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Primary Progressive Aphasia

What is Primary Progressive Aphasia?

Primary progressive aphasia (PPA) is a rare neurological syndrome that affects a person’s ability to communicate. People who have it can have trouble understanding spoken and/or written information as well as problems expressing their thoughts and difficulties finding words. Symptoms begin gradually, often before age 65, and worsen over time. People with PPA can lose the ability to speak and write and, eventually, lose the ability to understand written or spoken language. Primary Progressive Aphasia progresses slowly, so you may continue caring for yourself and participating in daily life activities for several years after the disorder's onset.

Primary progressive aphasia is a type of frontotemporal dementia, a cluster of related disorders that results from the degeneration of the frontal or temporal lobes of the brain, which include brain tissue involved in speech and language.  (modified from

Symptoms of Primary Progressive Aphasia:

Primary progressive aphasia symptoms vary, depending on which portion of the brain's language areas are involved. The condition has three types, which cause different symptoms.

Individuals with Semantic variant primary progressive aphasia may present with:

  • Difficulty comprehending spoken or written language, particularly single words
  • Trouble comprehending word meanings
  • Struggling to name objects

Individuals with Logopenic variant primary progressive aphasia may present with:

  • Difficulty retrieving words and word substitutions
  • Frequently pausing in speech while searching for words
  • Difficulty repeating phrases or sentences

Individuals with Non-fluent agrammatic variant primary progressive aphasia may present with:

  • Poor grammar in written and spoken form
  • Trouble understanding complex sentences
  • Using grammar incorrectly
  • May be accompanied by speaking problems such as errors in speech sounds (known as apraxia of speech)

Other symptoms include:

  • Losing the ability to speak and write, and to understand written and spoken language. Some people develop substantial difficulty forming sounds to speak (a problem called apraxia of speech), even when their ability to write and comprehend are not significantly impaired.

As the disease progresses, other mental skills, such as memory, can become impaired. Some people develop other neurological symptoms such as problems with movement. With these complications, the affected person eventually will need help with day-to-day care.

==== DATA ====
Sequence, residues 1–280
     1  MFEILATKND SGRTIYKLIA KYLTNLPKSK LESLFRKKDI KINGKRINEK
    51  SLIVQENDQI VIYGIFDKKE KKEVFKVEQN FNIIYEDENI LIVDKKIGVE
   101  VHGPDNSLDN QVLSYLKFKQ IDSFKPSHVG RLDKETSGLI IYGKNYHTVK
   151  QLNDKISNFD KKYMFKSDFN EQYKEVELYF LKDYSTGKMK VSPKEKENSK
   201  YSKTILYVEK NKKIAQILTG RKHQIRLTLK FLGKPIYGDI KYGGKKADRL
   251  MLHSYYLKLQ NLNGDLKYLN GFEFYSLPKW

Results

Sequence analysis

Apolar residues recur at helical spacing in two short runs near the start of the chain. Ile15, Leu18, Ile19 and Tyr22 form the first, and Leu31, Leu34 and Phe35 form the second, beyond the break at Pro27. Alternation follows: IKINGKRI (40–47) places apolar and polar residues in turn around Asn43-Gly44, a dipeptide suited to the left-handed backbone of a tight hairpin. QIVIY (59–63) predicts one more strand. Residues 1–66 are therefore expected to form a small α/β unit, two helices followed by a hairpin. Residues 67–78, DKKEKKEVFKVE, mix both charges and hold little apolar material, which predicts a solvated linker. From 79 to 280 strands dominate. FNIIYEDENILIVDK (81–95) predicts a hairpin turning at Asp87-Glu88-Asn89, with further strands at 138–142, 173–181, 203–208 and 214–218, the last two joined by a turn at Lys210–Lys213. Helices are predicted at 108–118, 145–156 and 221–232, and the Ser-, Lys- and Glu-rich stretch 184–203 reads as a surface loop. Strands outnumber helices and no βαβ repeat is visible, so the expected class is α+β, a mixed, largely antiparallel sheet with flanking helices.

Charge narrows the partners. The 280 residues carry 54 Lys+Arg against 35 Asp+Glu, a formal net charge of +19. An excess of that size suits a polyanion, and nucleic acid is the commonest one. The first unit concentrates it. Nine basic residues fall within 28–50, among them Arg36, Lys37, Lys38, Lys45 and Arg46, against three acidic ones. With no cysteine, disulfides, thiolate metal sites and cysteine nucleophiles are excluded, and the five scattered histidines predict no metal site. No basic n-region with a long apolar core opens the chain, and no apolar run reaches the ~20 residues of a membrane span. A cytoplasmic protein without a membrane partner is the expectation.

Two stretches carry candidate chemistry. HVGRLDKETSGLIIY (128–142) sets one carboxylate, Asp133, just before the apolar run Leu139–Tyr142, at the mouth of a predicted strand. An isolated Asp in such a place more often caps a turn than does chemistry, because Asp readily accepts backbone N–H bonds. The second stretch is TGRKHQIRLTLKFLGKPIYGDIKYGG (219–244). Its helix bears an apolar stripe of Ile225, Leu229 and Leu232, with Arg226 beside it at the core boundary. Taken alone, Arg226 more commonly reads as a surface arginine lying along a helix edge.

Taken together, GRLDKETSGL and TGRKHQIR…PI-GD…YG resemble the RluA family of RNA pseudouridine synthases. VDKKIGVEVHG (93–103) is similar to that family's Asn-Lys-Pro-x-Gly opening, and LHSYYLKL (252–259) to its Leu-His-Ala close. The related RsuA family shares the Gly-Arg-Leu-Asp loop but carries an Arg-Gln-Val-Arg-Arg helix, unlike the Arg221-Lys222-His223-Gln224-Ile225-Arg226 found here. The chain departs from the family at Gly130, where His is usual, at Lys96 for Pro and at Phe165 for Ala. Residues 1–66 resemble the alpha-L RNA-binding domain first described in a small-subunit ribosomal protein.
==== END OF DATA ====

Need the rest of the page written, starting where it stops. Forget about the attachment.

People with primary progressive aphasia can also develop depression or behavioral or social problems as the disease progresses. Other problems might include blunted emotions such as unconcern, poor judgment or inappropriate social behavior. (

Causes of Primary Progressive Aphasia

Primary progressive aphasia is caused by a shrinking (atrophy) of certain sections (lobes) of the brain responsible for speech and language. In this case, the frontal, temporal or parietal lobes, primarily on the left side of the brain, are affected.

Atrophy is associated with the presence of abnormal proteins, and brain activity or function in affected areas might be reduced.

If you had a childhood learning disability, particularly developmental dyslexia, you might be at somewhat higher risk of primary progressive aphasia.

Certain rare gene mutations have also been linked to the disorder. If other members of your family have had primary progressive aphasia, you might be more likely to develop it. (modified from

Speech-Language Pathology Evaluation & Therapy

Speech-Language Pathologists (SLP) have specialty training in evaluating individuals with primary progressive aphasia.

speech-language pathologist will evaluate listening, speaking, reading and/or writing and will assess functional communication.  A SLP will consider input from family and other caregivers through a detailed clinical interview.   A speech language pathologist will also incorporate individualized goals and will work to help individuals with PPA cope with the diagnosis and optimize quality of life. 

Additional Information:


Living with LPA (Logopenic PPA): YouTube video


Northwestern – Join a Research Study for PPA - Join a Study: Mesulam Center for Cognitive Neurology and Alzheimer’s Disease: Feinberg School of Medicine: Northwestern University